My friend gave me an interesting gift this holiday season: A 'Buddha Machine,' a transistor radio-sized device with a loudspeaker which plays ambient-ish music. The Buddha Machine is a hardware loop player, built kind of like a little AM radio, playing 9 different built-in loops on an endless cycle, with one simple button allowing you to fade between them. It was inspired by a popular Buddhist accessory, a small portable device they sometimes carry that when activated plays a musical chant to pray along with, such as the 'Refuge Prayer', hence the name. It sells for about $25 USD, with batteries, which at least partially explains why it is so cheaply manufactured. It is available on the internet from a variety of outlets.
The nine loops are available to download for free from this site. They are tiny .mp3 files, so you can right-click on each of them, select 'Save Target As' and save them to your desktop. If you have iTunes, which you can also download for free, you can make a playlist and have your own virtual Buddha Machine.
The sounds themselves have nothing to do with Buddhism; they're just quite and restful.
Received a few '2006 Lectin Calendars' from one of the lectin chemical manufacturers. They are rather nice, a 2006 calender of big, beautiful pinup shots of all the BTD avoids.
Yes, I know, it's been a long, long, time since a new blog entry darkened these pages. I'm going to take the easy way out and ascribe my lack of verbal productivity to the simple fact that there is just not enough time during the rotation cycle of this planet to get everything done.
For the last month (or more exactly, since I finished The Determinator) I've been hard at work on SWAMI. It's been a sort of three legged race, one step forward, two back; certainly an argument for â€˜non-intelligent design.' As I start one section, my thoughts turn to some new function that would be cool to implement, which then sends me packing to the programmer textbooks and websites, which betray new capabilities, that then illustrate to me that my original design thoughts could have been better.
However, I must say that the software is very, very cool. We've been using beta-versions of it in the office and the patients have really liked it. Image all your specifics (Body Mass Index, Basal Metabolic Rate, Family History and Lab Values) and a whole slew of new criteria (biometrics) mixed into a bouillabaisse of information points and then set loose on huge tables of data. It is as if you bought a magic, Harry Potter version of Eat Right 4 Your Type where every page was written only for you --no doubt a dream come true for those thousands of readers who have told me over the years that they never read any parts of my books other than the section that pertains to their blood type.
I suspect that the software will be available to IfHI folks by year-end.
Interestingly, building the SWAMI engine has helped bring the material for The Genotype Diet into focus, since if you look at the SWAMI Engine as information going from intake screen to report, the Genotype Engine is just the information going the other way.
I continue to train vigorously. Right now I am working on a part of a very long hyung (form) that features the most vile, ego-dissolving series of moves. At the start of the sequence you raise your left arm into a high block while simultaneously lifting you hip and rotating it so that from the knee down the leg is parallel with the ground. You are actually doing this as a knee kick, so it must be done fast, which certainly does nothing for your balance.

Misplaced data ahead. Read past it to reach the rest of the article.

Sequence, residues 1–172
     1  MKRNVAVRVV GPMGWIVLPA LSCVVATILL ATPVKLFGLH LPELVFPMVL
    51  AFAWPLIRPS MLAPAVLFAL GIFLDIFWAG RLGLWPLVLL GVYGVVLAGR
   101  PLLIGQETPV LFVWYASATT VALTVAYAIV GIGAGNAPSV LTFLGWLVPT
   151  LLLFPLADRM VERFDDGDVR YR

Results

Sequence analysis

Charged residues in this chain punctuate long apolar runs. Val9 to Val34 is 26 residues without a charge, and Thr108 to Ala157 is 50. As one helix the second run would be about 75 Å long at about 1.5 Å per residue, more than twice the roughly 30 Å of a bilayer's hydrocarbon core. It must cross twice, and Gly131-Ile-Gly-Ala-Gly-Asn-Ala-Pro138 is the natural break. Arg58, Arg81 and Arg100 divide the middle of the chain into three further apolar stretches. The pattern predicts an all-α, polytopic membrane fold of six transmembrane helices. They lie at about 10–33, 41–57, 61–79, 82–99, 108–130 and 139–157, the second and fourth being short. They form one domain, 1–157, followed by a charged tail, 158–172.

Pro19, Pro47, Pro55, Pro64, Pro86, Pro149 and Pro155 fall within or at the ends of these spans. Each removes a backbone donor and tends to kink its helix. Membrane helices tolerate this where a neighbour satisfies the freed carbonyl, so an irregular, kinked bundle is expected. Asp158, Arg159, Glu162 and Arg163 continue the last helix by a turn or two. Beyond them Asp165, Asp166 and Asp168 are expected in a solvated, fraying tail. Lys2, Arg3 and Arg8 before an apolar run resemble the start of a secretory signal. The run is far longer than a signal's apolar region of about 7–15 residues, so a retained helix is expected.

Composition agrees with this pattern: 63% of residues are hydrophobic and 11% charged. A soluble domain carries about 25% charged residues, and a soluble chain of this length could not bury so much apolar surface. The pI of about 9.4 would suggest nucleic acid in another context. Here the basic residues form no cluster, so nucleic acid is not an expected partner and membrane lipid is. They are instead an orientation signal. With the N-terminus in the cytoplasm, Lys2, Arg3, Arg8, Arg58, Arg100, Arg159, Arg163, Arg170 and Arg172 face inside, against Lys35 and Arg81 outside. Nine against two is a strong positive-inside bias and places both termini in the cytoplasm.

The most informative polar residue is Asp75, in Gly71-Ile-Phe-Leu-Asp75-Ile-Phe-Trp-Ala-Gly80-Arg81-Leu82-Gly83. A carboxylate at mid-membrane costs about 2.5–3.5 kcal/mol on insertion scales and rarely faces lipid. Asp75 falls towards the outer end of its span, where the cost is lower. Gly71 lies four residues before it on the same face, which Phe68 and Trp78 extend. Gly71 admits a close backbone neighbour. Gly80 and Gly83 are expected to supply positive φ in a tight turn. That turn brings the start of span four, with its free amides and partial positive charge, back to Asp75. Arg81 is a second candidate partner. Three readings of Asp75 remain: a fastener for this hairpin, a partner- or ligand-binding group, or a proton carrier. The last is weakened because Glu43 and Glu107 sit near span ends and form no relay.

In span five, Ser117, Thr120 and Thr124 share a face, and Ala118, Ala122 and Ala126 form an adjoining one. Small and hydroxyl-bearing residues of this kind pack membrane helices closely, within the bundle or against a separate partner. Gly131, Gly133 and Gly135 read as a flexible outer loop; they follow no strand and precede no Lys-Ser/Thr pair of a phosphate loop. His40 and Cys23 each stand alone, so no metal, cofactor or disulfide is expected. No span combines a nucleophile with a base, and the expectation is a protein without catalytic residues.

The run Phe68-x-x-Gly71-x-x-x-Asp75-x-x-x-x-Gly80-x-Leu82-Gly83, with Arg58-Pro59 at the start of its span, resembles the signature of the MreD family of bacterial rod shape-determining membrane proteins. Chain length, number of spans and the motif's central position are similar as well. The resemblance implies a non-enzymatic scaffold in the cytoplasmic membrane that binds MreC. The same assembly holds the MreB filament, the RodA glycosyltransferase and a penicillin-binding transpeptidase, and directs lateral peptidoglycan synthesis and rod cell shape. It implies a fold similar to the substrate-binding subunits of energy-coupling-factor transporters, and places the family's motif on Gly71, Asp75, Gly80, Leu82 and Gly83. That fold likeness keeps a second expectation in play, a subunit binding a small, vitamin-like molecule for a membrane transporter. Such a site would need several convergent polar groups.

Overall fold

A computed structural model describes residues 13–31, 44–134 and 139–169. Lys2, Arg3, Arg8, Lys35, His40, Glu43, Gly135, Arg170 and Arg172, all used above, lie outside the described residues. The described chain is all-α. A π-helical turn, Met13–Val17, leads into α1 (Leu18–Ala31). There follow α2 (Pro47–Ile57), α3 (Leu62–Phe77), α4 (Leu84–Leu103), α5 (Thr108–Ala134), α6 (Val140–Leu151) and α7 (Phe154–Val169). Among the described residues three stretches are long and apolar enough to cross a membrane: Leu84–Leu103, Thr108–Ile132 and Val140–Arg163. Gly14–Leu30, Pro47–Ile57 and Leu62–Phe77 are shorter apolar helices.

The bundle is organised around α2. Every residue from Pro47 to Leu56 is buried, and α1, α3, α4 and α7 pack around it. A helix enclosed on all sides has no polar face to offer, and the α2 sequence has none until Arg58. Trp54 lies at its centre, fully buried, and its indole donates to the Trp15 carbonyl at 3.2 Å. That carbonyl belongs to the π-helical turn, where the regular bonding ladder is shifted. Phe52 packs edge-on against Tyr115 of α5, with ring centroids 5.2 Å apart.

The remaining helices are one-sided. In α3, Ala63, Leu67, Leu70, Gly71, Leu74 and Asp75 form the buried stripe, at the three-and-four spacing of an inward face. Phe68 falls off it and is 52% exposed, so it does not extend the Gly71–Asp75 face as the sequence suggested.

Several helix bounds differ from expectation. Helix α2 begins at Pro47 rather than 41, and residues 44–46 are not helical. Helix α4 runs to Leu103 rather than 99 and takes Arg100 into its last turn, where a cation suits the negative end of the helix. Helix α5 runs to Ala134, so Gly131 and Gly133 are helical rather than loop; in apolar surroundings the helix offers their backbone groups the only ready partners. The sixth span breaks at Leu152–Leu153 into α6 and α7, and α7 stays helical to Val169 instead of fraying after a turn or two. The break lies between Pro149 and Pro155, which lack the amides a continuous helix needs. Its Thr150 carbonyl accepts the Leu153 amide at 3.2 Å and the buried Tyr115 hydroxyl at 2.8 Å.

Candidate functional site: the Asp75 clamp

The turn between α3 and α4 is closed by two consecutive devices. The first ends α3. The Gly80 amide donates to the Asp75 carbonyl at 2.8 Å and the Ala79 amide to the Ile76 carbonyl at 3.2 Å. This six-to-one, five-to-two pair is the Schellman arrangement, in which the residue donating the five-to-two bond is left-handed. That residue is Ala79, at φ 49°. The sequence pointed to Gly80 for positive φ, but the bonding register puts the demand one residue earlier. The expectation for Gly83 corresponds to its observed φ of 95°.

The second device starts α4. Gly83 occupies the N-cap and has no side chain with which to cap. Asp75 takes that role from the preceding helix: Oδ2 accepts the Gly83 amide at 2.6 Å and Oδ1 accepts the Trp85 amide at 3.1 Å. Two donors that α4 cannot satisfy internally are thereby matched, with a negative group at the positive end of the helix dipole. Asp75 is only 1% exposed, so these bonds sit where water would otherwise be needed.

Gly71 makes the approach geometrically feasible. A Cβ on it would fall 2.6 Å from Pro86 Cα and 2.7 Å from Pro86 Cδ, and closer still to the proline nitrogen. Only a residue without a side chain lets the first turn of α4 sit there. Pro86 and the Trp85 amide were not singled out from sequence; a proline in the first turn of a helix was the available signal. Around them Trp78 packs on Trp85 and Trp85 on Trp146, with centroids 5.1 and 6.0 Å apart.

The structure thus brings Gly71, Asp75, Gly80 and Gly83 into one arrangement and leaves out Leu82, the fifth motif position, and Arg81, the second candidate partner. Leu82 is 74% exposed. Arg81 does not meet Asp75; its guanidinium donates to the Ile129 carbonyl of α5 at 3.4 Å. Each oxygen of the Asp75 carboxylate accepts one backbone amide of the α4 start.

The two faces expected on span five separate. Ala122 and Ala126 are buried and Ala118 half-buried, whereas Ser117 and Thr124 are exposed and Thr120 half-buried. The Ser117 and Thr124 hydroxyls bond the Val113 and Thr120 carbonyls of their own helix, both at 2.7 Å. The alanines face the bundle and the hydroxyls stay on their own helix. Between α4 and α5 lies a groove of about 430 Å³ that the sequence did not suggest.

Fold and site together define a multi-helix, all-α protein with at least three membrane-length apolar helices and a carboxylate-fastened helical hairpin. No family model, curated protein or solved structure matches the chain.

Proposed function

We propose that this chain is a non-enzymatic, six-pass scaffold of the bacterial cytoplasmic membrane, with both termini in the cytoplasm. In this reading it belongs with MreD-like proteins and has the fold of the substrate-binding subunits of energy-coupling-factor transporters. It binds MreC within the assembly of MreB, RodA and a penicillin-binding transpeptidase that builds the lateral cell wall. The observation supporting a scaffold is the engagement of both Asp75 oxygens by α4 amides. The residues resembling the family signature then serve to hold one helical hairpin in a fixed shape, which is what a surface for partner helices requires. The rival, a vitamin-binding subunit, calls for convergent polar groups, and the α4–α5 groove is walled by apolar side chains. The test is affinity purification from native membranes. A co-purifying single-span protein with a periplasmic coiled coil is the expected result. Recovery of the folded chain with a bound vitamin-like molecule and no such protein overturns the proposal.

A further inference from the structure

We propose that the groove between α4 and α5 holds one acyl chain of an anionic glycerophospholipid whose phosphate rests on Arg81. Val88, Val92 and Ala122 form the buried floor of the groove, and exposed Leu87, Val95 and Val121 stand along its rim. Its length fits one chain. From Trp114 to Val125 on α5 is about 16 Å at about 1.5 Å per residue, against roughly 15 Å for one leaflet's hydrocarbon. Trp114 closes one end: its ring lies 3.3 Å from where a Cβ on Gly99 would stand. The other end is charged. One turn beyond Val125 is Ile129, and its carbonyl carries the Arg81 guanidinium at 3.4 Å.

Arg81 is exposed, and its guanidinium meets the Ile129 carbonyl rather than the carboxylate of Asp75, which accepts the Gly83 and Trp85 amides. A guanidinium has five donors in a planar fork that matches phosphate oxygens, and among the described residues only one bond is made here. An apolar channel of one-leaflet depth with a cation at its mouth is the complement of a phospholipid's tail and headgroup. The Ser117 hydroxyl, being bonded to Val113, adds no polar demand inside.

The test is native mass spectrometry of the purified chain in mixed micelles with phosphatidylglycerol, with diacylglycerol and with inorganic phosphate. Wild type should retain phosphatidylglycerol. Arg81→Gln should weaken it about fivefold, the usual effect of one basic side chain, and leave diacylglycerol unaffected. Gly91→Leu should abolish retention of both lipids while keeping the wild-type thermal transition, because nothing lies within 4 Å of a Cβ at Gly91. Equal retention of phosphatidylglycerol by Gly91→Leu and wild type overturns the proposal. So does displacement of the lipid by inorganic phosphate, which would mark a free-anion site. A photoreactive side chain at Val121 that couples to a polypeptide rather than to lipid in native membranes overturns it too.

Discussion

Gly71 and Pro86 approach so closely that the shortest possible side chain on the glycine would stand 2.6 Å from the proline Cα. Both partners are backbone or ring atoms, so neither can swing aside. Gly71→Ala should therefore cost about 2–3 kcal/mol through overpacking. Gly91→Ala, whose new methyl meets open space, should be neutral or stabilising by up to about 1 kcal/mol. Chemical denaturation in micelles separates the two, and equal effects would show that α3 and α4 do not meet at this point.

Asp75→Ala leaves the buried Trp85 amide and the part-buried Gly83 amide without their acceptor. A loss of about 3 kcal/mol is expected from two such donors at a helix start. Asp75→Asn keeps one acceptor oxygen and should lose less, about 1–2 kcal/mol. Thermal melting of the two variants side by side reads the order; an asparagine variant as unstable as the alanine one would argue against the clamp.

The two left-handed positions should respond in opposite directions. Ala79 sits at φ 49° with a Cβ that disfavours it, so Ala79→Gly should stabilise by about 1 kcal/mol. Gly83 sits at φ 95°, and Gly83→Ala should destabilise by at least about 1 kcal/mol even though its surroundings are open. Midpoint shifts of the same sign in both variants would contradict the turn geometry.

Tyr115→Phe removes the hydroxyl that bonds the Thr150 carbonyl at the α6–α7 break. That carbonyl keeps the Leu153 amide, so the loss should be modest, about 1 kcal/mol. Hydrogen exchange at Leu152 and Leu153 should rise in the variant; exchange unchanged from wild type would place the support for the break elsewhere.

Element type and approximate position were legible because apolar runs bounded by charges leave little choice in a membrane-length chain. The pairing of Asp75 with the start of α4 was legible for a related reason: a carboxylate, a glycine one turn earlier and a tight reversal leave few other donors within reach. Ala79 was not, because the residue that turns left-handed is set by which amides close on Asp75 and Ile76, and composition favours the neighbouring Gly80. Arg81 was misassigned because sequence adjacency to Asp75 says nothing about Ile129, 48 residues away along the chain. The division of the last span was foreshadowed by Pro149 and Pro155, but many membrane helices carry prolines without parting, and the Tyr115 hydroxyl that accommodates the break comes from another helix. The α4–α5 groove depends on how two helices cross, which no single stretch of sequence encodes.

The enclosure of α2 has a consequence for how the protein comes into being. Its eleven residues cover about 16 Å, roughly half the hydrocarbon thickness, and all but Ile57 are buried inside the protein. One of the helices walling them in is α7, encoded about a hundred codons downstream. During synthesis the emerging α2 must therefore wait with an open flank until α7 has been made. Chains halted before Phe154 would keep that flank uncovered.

But wait, it gets better. So now as your arm moves from above your head to being outstretched and your hip is rotated with your lower leg sideways at about hip level, you spin on the rapidly wearying right standing leg 180 degrees, and jump into the air as you execute a outside-inside crescent kick to the now-outstretched left hand.
Then you do the whole thing from the other side.
Perhaps the coolest thing about working on these moves is that I developed an appreciation of how ice skaters use moving their center of balance inward as a way to initiate and maintain a spin.
They say that Hwang Kee, the founder of this discipline, used to amuse his friends by jumping over the dinner table from a standing position. From photos it seems Master Hwang was about 5 feet tall and probably 98 pounds soaking wet. A 6 foot, three inch Spanish-Italian Meso-Ectomorph would probably be far less amusing at this; especially if you were hungry.
Took the family to Brooklyn last weekend. It's about a two hour ride from Connecticut, and the last hour is on the rapidly dissolving New York City infrastructure, which, if you spend any time away from it, leaves you completely unprepared for just who narrow and crumbly the NYC roads are.
I had a thoughtful time, visiting areas of my youth, though I doubt my kids cared much about whether this or that stretch of woods was where I used to catch butterflies, or which catering hall used to be a police station. They did appreciate a trip to perhaps the best designer outlet store in the city, Century 21 Stores.
Then we schlepped to Rudy Guiliani's favorite restaurant, Gargiulos in Coney Island, where I overdosed on the garlic and broccoli rabe. I did not jump over the table, which considering the clientÃ¨le, was probably good for my health on a lot of different levels.
Anyway, gotta go. But before I do, let me wish all of you a Happy Thanksgiving, with all the enjoyment that comes from taking a minute to contemplate what great gifts life, health, and family afford us.
I promise to write more regularly. Really.